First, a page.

It streamlines the process by aggregating audit & inspection data into a consistent format and implementing automated workflows to add ownership & accountability. This allows businesses to maintain a central audit register that enhances data accuracy, accessibility, and usability. Automation enables teams to set reminders for upcoming audits and send notifications for outstanding audit actions. Maintaining a digital record of audit findings and the action taken enhances the efficacy of the audit process when demonstrating compliance to external auditors and regulators.
Incident management in the pharmaceutical & Life Sciences sector requires special attention to detail. Whether it’s an IT failure or a major disaster like a halt in production, or a building evacuation or technical fault – these unforeseen events can have far reaching ramifications for the safety of employees, the environment, and patients. A comprehensive incident management process is essential to keep operations running smoothly during an unplanned incident – from ensuring there’s enough staff to maintaining power.
A GRC platform with automated incident management capabilities ensures all associated events are managed to a full resolution, without any breakages along the way. Staff can log incidents using online forms that feed directly into the tool – capturing detailed, consistent information and evidence. Software also provides a flexible workflow that details & documents the triage, remediation, and stakeholder notification process. Incidents can subsequently be linked to risk registers and obligations libraries, and a fully time-stamped audit trail is evident.
How the Pharma & Life Sciences Sector is Benefiting from the Digital Revolution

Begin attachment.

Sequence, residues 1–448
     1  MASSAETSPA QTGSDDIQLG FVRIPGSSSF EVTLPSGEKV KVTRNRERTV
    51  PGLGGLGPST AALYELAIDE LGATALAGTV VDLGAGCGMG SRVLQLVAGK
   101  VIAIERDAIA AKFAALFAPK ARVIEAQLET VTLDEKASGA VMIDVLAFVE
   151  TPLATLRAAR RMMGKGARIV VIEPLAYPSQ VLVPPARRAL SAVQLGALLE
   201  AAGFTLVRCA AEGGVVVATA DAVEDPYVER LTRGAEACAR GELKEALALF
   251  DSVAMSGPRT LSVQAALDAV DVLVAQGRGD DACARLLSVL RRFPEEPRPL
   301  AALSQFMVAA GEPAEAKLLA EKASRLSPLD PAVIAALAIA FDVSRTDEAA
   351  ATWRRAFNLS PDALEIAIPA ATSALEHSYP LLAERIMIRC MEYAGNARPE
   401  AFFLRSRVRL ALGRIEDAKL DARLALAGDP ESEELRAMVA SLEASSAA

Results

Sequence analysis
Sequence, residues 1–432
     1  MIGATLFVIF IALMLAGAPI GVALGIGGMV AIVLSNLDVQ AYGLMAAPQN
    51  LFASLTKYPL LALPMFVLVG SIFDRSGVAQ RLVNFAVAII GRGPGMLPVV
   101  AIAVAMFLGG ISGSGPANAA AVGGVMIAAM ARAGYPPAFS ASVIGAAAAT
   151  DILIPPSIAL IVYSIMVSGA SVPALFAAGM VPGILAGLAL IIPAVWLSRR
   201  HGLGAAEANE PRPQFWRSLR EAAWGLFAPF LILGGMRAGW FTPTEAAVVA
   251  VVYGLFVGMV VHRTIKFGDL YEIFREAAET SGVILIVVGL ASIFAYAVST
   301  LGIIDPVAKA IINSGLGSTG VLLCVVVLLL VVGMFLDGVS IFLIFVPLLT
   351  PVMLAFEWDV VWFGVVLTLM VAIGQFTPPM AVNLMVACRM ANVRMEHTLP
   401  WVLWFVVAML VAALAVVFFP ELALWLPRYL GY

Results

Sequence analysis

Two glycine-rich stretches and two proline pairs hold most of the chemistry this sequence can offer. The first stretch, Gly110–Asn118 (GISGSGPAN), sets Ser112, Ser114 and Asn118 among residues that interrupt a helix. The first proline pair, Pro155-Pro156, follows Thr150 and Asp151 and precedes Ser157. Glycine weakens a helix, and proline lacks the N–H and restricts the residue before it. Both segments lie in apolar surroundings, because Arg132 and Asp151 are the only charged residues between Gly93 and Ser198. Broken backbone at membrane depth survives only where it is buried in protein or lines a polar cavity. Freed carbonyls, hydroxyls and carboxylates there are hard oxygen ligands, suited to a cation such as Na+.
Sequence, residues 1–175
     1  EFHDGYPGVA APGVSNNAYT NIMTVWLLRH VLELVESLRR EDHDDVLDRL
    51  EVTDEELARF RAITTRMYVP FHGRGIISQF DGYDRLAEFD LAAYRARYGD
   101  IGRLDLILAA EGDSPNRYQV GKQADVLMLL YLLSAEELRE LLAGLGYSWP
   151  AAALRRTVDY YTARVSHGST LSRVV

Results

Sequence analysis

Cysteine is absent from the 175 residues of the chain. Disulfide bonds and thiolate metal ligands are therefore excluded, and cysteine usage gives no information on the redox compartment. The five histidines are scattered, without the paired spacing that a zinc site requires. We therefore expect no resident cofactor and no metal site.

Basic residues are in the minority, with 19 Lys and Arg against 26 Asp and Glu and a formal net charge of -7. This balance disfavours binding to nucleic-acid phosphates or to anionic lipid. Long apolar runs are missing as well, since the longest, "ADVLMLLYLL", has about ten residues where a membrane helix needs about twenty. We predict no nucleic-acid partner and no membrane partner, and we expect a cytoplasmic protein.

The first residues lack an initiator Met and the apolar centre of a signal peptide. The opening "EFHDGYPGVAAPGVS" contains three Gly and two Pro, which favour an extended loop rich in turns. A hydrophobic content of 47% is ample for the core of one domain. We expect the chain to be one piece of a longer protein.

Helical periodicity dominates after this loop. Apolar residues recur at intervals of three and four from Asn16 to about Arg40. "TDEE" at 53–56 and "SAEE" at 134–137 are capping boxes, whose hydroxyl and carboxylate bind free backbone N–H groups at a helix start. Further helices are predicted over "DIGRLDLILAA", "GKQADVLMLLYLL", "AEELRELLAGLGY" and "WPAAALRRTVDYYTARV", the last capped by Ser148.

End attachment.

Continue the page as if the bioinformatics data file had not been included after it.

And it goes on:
Following the COVID-19 pandemic, ‘digitising processes’ has become crucial for pharmaceutical organisations who want to demonstrate compliance, streamline & automate processes, and improve performance.
In the long run, digitisation will support these companies by giving them a competitive edge – helping them to get products to market quickly – meeting consumer demand and increasing their supply chain efficiency.
Until now the pharmaceutical & Life Sciences sector has been rather cautious in applying digital technology, and that hesitation is fast becoming a hindrance. Given the rapid change of pace in technology, pharmaceutical organisations need to make the digitisation of their operations a priority to ultimately provide better care. Innovative tools and techniques – that originated to support highly regulated industries like financial services – are simplifying complex compliance requirements across the pharma landscape.
As organisations in the sector start to embed best-practice compliance tools into their processes, they are able to:
- Make linkages between data sets across, risk compliance & incident management.
- Create automated rules that add areas of non-compliance to the risk register.
- Log incidents and automatically link them to compliance obligations.
- Set controls that detect emerging risks or flag non-compliance.
- Comprehensive compliance monitoring via a single point of oversight
- Real-time dashboards and reports – streamlining reporting and producing audit trails.
If you would like to learn more about how organisations in the pharmaceutical & Life Sciences sector are digitising their compliance processes, request a demo of the Camms platform.
Catch up on our other blogs in the Pharmaceutical & Life Sciences Series:
Managing Risk in the Pharmaceutical & Life Sciences Sector
Effective Project Management in the Pharmaceutical & Life Sciences Sector
Effective Strategic Planning in the Pharmaceutical & Life Sciences Sector